Heimdall — Vaibhav Chellani — The all — seeing & all — hearing protector of Matic!

Credits: Pepakura Helmet Heimdall by GimpeeIndustries

Matic Network has a three-layered security architecture in which there are the following entities involved:

1) Block Producers -aka BOR chain: These are involved in batching transactions in blocks to ensure faster confirmation times

2) Validator Layer — aka Heimdall: These are validator nodes that batch the blocks produced by the block producers and push them to the Ethereum

3) Network Watchers -They are actors on the Ethereum, and use fraud proofs to challenge any transaction that they deem fraudulent on the sidechains.

Matic Network -Simplified Architecture Diagram

For better context on Matic’s architecture please refer to the article:What is Matic Network?
Matic Network provides scalable, secure and instant Ethereum transactions using side chains
Get set to deep-dive into Heimdall!

Heimdall is a large group of validator nodes that serve as a bridge to connect the Ethereum chain and Bor. Anyone can become a validator and run a validator node on Matic chain by staking on Ethereum chain.

Responsibilities of validators under Heimdall include the following:

  1. Verifying transactions in the blocks produced by block producer nodes
  2. Creating the Merkle root of 256 or more blocks
  3. Reaching consensus among validators and pushing the Merkle root to the Ethereum
  4. Communicating with other validator nodes and reaching consensus on the set of blocks to be included in a checkpoint
  5. All validators on receiving a checkpoint, verify it querying their block producer nodes if the Merkle root in a checkpoint matches with the Merkle root they produced for the same set of blocks
  6. Pushing a checkpoint to the mainchain after it has been validated by 2/3rd majority of validators on Heimdall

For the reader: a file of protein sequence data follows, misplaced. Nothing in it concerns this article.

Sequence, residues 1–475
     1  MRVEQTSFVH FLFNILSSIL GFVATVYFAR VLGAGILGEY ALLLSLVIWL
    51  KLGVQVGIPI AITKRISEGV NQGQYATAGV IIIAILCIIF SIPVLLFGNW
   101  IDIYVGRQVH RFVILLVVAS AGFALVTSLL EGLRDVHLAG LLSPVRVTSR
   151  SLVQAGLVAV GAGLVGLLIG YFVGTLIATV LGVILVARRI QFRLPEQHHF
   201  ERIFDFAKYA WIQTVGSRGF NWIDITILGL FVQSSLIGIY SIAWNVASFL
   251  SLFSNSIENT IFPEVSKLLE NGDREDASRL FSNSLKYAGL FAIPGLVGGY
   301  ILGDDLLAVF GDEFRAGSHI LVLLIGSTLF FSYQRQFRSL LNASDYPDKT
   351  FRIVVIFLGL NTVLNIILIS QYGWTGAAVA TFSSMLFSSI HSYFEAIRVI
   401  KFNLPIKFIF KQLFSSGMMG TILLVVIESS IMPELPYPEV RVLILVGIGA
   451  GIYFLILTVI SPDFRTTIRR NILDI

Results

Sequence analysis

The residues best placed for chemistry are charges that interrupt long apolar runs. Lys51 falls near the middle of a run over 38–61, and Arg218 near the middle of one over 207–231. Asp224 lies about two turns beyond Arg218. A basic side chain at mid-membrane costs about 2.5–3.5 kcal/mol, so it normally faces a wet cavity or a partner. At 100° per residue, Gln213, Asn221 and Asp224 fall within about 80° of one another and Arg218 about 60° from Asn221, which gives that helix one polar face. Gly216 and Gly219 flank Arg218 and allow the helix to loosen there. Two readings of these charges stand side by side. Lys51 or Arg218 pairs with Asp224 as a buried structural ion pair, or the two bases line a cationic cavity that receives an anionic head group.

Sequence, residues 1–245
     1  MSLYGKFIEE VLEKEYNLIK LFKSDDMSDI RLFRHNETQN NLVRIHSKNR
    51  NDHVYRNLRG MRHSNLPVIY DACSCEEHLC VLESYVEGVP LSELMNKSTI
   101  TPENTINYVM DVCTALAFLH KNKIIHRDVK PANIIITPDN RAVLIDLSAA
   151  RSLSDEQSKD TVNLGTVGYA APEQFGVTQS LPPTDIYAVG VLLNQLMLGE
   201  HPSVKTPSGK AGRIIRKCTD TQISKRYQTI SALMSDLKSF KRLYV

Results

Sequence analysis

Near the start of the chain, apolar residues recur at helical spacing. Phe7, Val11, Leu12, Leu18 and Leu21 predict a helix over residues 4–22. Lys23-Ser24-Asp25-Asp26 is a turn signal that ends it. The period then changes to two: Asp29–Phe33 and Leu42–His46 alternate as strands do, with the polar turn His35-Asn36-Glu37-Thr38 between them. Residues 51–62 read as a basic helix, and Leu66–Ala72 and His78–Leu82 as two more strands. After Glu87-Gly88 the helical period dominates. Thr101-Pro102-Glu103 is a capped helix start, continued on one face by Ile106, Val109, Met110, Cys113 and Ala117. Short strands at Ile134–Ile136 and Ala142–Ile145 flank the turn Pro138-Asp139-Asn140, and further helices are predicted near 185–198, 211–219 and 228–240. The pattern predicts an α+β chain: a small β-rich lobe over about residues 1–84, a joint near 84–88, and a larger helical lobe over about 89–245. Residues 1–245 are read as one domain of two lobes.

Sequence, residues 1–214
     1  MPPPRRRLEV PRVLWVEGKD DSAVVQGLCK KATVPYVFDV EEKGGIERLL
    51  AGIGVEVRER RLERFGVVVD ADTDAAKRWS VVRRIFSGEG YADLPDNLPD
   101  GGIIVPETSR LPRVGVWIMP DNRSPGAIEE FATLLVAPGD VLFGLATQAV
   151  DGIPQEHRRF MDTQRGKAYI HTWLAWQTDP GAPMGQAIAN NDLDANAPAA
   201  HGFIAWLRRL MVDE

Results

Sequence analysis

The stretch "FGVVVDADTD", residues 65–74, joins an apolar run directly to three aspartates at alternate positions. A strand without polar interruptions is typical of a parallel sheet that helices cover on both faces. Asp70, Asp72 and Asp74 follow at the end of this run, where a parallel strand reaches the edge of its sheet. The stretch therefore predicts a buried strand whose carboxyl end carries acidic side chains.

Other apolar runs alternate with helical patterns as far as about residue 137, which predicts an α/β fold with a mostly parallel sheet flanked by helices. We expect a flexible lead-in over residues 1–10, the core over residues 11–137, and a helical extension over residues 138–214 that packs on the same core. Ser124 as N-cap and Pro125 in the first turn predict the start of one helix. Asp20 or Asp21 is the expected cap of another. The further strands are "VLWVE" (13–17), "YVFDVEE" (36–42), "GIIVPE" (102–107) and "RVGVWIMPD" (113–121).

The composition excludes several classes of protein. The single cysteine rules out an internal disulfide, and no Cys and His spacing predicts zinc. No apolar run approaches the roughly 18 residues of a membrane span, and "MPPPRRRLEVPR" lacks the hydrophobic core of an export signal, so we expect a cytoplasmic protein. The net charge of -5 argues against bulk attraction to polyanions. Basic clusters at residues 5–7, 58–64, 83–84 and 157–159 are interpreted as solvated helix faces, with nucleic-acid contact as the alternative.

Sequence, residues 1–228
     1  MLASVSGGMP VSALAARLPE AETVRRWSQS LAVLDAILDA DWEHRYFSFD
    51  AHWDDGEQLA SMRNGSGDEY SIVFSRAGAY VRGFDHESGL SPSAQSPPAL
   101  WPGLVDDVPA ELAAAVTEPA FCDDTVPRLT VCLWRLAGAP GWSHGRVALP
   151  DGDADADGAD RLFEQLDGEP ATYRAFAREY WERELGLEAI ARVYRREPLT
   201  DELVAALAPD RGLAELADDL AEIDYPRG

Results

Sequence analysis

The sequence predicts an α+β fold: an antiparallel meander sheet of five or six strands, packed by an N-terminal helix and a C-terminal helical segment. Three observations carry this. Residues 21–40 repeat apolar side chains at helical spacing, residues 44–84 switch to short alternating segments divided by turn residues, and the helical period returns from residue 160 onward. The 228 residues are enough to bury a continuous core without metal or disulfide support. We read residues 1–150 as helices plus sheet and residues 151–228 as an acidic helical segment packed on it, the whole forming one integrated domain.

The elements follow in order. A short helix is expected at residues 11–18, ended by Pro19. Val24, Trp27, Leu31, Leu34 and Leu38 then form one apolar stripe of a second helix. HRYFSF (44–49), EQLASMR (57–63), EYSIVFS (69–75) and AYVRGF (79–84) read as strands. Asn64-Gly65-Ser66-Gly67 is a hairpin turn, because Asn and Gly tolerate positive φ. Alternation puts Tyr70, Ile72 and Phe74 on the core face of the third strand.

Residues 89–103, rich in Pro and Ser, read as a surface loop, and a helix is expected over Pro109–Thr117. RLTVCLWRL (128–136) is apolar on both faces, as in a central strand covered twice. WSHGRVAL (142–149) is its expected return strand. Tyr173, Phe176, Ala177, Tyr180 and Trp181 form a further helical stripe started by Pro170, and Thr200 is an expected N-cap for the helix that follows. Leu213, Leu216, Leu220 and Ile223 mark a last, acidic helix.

This is what a checkpoint looks like ?

Heimdall chain makes sure that block producer nodes don’t commit any sort of fraud, hence they don’t trust any information they receive from Bor. Heimdall relies only on Ethereum as a source of truth, for everything ranging from incoming new validators, exiting validators, to reward distribution to validators, etc happens on the Ethereum chain. After a validator related action is performed on smart-contract, the validator can submit a validatorJoin or validatorExit or validatorUpdate transaction on Heimdall. All validators query the smart-contract that manages the validators and validates transactions on Heimdall.

Here are some of the problems we have faced while designing the validator node:

  1. Ethereum and Heimdall are friends for sure, but they don’t share `states` with each other, hence sharing information between these two disjointed chains is difficult.
  2. Ethereum stores all information about who Heimdall has appointed as validators, but has no idea which validator will decide the proposer for the next checkpoint.
  3. Validators on Heimdall need to prove that they have agreed on a checkpoint by signing on it. The signatures would be checked on-chain, Tendermint usesed25519curve like bitcoin whereas Ethereum uses secp256k1so a change of signature scheme on Tendermint chain had to be performed to make it Ethereum compatible.
  4. Data on smart contract changes as validators enter, exit, and new state changes occur. How is a newly synced node supposed to validate transactions which involve interaction with another chain in such cases?

Maintaining sync between Ethereum and Heimdall is hard, but not impossible. In the course of development, we came up with several approaches to solve these issues. It took us many iterations on the drawing board to make this work elegantly.

Here is how sending a checkpoint via Heimdall works right now:

  1. Proposer selected from the validator pool creates a checkpoint by calculating the Merkle root of 256 blocks or more while verifying transactions inside the blocks.
  2. A proposer proposes a checkpoint to all the validators. The checkpoint contains meta information about it so that all other validators can validate it.
  3. All validators on receiving a checkpoint checks if the Merkle root for the given blocks matches with what they have.
  4. If the checkpoint is correct, the validators using the Tendermint consensus engine gossip votes to each other.
  5. Once the checkpoint receives votes from 2/3+ of all validators, the checkpoint is queued on Heimdall to be sent to the Ethereum.
  6. This is when the proposer picks up the votes and submits them on the Ethereum proving to the smart contract that the checkpoint has achieved consensus on Heimdall.
  7. The smart contract on Ethereum chain maintains a record of how many checkpoints have been received and by whom were they submitted and other essential data.
  8. Once the transaction on Ethereum is successful the proposer sends another transaction on Heimdall called ACK ; which contains the checkpoint number which has been assigned to the checkpoint by the smart contract to all the validators that the checkpoint transaction has been accepted by Ethereum.